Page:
Hazaribagh

Hazaribagh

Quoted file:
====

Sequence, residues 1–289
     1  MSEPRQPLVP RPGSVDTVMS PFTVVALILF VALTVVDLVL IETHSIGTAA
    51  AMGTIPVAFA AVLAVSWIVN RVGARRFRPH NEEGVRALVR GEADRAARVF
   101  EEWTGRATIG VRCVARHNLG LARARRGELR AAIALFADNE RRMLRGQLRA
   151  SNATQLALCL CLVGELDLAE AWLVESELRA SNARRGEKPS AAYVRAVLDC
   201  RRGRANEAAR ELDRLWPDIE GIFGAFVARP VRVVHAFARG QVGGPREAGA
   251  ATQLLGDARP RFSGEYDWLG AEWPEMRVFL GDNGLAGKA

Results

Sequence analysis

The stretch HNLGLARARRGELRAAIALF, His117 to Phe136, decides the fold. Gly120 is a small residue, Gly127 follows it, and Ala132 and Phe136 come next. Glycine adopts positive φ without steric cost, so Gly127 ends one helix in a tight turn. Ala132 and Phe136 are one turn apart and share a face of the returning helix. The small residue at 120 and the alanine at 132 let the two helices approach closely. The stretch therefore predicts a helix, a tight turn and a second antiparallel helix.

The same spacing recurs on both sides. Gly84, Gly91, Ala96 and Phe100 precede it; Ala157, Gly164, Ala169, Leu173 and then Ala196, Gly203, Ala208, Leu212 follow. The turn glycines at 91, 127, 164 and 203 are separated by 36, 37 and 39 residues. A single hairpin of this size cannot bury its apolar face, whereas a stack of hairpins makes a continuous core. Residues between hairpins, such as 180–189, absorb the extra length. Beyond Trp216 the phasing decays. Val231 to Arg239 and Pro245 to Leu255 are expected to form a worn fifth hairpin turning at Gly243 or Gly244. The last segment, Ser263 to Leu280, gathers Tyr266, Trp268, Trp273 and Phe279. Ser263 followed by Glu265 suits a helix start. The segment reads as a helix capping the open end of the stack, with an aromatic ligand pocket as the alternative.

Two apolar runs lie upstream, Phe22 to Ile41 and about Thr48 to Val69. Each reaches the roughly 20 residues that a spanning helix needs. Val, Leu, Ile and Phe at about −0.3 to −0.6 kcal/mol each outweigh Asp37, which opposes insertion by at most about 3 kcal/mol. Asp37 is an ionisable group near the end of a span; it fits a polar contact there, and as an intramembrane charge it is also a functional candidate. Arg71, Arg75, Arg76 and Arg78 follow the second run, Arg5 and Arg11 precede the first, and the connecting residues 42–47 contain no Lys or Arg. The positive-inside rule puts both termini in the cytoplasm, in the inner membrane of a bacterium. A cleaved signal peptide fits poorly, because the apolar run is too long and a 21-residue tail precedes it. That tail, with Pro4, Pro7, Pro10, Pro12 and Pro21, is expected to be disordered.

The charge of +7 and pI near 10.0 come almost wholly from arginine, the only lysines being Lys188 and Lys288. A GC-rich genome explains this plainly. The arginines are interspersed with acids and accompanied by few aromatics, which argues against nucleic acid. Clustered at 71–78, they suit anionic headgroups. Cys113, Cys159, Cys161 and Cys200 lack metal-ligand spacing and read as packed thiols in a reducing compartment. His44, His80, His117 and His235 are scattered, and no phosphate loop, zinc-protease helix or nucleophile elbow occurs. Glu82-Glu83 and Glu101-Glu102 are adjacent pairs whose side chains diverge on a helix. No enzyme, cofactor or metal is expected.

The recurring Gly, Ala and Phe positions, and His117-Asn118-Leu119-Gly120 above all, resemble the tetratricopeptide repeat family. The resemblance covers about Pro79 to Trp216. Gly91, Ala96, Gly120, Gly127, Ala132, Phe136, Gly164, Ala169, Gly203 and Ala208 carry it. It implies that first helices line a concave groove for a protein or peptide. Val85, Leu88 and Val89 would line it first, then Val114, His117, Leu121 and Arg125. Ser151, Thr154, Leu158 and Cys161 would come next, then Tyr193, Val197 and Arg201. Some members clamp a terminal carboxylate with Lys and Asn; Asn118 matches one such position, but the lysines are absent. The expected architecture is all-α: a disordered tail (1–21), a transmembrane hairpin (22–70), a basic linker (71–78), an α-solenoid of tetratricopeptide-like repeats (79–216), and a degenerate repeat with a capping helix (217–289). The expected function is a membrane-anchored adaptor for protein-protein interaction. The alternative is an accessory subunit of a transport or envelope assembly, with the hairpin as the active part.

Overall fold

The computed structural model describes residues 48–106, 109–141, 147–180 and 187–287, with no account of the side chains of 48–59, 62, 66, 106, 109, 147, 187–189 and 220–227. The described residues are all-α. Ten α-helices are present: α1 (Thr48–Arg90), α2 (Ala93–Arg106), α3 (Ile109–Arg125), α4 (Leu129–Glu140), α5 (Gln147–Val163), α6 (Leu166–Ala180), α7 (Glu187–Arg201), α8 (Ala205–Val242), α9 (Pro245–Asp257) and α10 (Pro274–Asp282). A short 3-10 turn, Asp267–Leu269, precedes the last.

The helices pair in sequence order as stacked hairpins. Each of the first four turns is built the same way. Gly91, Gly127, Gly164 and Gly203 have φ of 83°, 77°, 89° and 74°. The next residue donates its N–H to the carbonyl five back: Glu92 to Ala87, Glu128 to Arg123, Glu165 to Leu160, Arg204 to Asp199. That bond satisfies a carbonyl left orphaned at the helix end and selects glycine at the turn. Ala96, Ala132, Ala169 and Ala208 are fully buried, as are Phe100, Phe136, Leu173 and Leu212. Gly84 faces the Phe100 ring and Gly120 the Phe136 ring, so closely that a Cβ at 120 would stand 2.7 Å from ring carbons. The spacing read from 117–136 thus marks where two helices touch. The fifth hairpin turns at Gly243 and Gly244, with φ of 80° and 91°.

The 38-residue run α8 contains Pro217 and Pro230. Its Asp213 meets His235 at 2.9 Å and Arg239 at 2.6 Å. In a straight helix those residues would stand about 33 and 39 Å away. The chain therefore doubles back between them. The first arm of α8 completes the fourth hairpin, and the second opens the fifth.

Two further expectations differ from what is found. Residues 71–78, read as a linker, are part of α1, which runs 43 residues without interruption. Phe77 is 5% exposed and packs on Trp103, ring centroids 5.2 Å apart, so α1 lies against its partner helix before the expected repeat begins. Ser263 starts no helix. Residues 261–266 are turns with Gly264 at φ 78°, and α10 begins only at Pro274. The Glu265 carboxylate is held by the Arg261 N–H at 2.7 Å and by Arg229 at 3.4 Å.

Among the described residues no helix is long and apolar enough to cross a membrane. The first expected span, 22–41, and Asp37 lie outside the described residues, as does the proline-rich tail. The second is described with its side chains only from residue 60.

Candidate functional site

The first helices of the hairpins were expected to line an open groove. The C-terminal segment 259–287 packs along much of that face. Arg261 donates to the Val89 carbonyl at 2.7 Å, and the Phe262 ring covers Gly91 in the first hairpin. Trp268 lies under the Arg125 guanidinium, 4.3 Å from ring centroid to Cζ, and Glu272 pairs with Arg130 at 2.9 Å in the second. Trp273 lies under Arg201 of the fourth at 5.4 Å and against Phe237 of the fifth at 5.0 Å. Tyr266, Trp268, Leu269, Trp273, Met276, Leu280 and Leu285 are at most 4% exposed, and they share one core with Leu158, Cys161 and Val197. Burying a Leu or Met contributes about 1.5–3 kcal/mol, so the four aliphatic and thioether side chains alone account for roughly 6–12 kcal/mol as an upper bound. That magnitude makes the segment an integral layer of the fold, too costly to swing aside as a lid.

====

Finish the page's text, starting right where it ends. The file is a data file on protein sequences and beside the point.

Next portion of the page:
“I remember my first day at work in the factory, the smell was so disgusting that I threw up and fainted. I had the noise of the machines pounding in my head until I felt it would burst. I was sick for a week.” Sharmin is standing in an apocalyptic landscape, the area covered in a thick and acrid smog. “Now I’m used to it” she adds with a smile. Working in a Hazaribagh tannery is not just an assault on the senses. Every day, the workers are exposed to corrosive and explosive chemicals that were banned from much of the world 20 years ago. Their bodies carry the stains of this continuous onslaught. Hands and feet are malformed, and up to 90% of workers develop an illness related to their work. In her dispensary, a doctor explains her experiences: “Women working in tanneries are often frail. They suffer from vaginal infections, joint pain, fever and coughing. The men are also debilitated, suffering from heart problems and gastritis.” There is no respite from the owners of the factories. The uneducated workers receive no guidance on how to use the deadly chemicals, and receive no sick pay when they are taken ill. Away from work, the chemicals seep into the water of the rivers, polluting the lifeline that the whole city of Dhaka survives on. Even though the river is biologically dead, tannery owners refuse to give concern to the hazardous results of their actions: “Of course water containing chemicals is bad for the health. But if we worried about toxicity we’d stop working. Who is ready to do that? It’s just the way it is”. However in Hazaribagh the people are fighting back, both on the streets and in the strong sense of community they create. This film charts the experiences of workers in the factories as well as how they defend themselves from the horror of their lives. Ultimately, it asks if we, the West, really cannot afford to pay a little more to help the millions around the world who live in hellish conditions to feed our greed for ever cheaper products.